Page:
ST. LOUIS – Corrections officers warned a riot inside the St. Louis Justice Center would happen. Video of inmates breaking the glass from inside have shocked you, but officers say that’s what it’s looked like inside the jail for a long time.
One former officer and one current officer talked to FOX 2 about the area you could see that inmates breached. They said it’s a designated safe zone for officers – a cage for officers to be protected in a riot. It’s the only place officers say there’s access to outside windows, yet they say it’s an area they haven’t had access to for years.
“There hasn’t been a key for 10-plus years,” said former corrections officer Destiny Strickland.
Strickland said once inmates were in the area with the broken windows, they had control of the entire floor. She said inmates have always been able to escape their own cells.
“They jam paper in their doors or they put toothpaste on their doors to stop it from locking,” she said.
Strickland said officers can stop it but many are not making their required rounds to check.
“Some of them are scared to walk around the inmates, like to make sure that they’re safe or secure or alive,” she said.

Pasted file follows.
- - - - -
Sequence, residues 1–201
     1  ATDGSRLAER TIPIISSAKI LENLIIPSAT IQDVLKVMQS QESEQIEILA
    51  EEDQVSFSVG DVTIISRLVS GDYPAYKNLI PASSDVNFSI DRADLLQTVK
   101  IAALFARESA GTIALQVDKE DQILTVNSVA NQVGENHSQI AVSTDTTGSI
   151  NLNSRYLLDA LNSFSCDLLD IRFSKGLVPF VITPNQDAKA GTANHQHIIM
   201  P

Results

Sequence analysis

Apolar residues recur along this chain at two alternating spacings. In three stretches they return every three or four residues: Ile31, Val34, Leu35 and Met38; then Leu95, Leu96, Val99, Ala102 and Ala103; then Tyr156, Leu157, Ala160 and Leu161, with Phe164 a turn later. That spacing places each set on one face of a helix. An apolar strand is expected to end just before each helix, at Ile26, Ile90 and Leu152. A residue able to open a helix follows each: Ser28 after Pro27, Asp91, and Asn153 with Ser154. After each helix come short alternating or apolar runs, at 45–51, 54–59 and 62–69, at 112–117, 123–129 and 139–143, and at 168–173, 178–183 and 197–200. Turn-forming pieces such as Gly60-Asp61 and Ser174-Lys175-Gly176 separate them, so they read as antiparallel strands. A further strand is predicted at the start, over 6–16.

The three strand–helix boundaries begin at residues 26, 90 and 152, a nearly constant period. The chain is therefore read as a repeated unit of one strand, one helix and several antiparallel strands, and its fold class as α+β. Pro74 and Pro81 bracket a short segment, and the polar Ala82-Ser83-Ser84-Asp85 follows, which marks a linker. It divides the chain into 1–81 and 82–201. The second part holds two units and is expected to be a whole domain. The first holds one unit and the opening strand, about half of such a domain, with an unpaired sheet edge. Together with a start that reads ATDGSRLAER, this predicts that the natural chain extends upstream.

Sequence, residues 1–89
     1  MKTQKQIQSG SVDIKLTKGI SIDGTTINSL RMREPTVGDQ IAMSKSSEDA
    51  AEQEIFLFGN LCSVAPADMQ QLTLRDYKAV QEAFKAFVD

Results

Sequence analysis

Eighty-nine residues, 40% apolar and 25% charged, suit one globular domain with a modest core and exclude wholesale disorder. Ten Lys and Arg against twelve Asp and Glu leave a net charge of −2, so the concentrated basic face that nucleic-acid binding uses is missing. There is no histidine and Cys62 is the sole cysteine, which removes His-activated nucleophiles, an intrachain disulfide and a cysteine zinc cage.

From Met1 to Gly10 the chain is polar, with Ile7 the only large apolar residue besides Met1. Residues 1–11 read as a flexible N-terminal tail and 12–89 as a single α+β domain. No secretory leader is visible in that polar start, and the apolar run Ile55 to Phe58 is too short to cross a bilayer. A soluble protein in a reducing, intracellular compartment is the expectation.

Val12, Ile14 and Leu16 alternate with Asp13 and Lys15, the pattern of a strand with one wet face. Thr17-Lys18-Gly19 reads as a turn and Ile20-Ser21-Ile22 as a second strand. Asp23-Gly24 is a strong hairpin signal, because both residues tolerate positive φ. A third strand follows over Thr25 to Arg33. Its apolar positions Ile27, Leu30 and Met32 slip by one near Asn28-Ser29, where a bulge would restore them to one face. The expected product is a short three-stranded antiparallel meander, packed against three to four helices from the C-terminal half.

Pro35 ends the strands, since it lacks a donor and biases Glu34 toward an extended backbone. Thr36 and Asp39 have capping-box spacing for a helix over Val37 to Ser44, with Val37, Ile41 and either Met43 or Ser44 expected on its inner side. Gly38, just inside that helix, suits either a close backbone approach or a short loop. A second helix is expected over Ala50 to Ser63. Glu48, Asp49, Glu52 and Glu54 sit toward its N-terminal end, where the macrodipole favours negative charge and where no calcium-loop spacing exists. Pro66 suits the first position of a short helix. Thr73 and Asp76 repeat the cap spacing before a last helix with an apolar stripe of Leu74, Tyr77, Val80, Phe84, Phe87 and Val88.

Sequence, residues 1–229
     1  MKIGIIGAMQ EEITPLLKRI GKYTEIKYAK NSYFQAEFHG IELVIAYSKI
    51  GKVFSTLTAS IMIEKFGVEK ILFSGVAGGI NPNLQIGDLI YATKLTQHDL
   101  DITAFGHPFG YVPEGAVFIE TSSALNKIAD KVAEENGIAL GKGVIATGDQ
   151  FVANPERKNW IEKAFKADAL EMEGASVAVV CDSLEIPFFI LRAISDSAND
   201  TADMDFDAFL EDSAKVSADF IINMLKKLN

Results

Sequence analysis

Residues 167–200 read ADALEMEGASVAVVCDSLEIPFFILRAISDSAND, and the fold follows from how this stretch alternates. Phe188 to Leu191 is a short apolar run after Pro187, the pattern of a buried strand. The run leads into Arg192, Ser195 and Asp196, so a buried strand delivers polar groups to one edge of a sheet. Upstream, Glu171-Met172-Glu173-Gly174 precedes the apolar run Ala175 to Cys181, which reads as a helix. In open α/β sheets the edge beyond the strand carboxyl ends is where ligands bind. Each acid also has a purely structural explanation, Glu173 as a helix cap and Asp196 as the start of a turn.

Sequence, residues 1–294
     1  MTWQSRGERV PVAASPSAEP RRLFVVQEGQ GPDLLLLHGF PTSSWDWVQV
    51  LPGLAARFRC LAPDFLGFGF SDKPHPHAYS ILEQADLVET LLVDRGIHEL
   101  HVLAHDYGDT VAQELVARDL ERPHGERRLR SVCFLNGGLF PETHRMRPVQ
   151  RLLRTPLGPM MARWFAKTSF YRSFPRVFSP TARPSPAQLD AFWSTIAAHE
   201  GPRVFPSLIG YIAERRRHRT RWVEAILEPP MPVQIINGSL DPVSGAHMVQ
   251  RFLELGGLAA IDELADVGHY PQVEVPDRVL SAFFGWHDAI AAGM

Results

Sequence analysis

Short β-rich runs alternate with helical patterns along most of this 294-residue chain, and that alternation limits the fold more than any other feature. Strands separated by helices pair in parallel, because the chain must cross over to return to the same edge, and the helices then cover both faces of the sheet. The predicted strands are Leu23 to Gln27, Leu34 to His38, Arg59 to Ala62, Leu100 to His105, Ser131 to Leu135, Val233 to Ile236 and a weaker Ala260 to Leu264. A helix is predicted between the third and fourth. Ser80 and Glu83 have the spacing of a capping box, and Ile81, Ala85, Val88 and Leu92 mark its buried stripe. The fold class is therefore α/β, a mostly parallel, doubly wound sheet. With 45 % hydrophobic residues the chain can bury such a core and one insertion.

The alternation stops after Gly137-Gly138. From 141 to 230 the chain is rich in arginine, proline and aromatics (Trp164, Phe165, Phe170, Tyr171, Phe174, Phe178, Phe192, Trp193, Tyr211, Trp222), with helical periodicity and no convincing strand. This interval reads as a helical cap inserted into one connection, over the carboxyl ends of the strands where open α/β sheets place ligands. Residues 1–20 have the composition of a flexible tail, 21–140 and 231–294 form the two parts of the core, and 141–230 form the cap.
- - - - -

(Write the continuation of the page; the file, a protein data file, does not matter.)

A current officer confirmed this to FOX 2, while only speaking anonymously in fear of being fired for talking. The current officer said administration will often blame fear of COVID for not doing their job.
“One officer was informed there was drugs and many weapons inside a unit, was told that, informed that by another inmate,” the officer said. “That information was given to the captain who said because of COVID they could nothing about that. Just be safe.”
Strickland said that culture of fear might mean an inmate isn’t properly protected or does not get something they request – like covers for the night. She believes administration could easily crack down by watching jail videos.
“You can’t even whisper without them hearing what you’re saying,” she said.
Yet access to videos and to the jail has been denied to FOX 2 and to defense attorneys like Matthew Mahaffey of the Missouri State Public Defender’s Office.
“I’m very concerned at this point based on the intensity and consistency of the presentations our clients have given us,” he said.
The city called complaints a “false narrative” in a denial letter from the City Counselor’s Office.
“Transparency would seem to be super important in this and in all other instances where state actors are suggesting one narrative and those that they’re responsible for with less power are suggesting that other things are going on,” Mahaffey said.
The new jail task force will reportedly get access to the jails. An 8-member panel is scheduled to meet for the second time tomorrow.
Our investigation also continues, as this is just the beginning of what we’ve learned. Wednesday night, we’ll tell you why officers believe there are more drugs and weapons inside than ever as we look into a mysterious jail death.
Suggest a Correction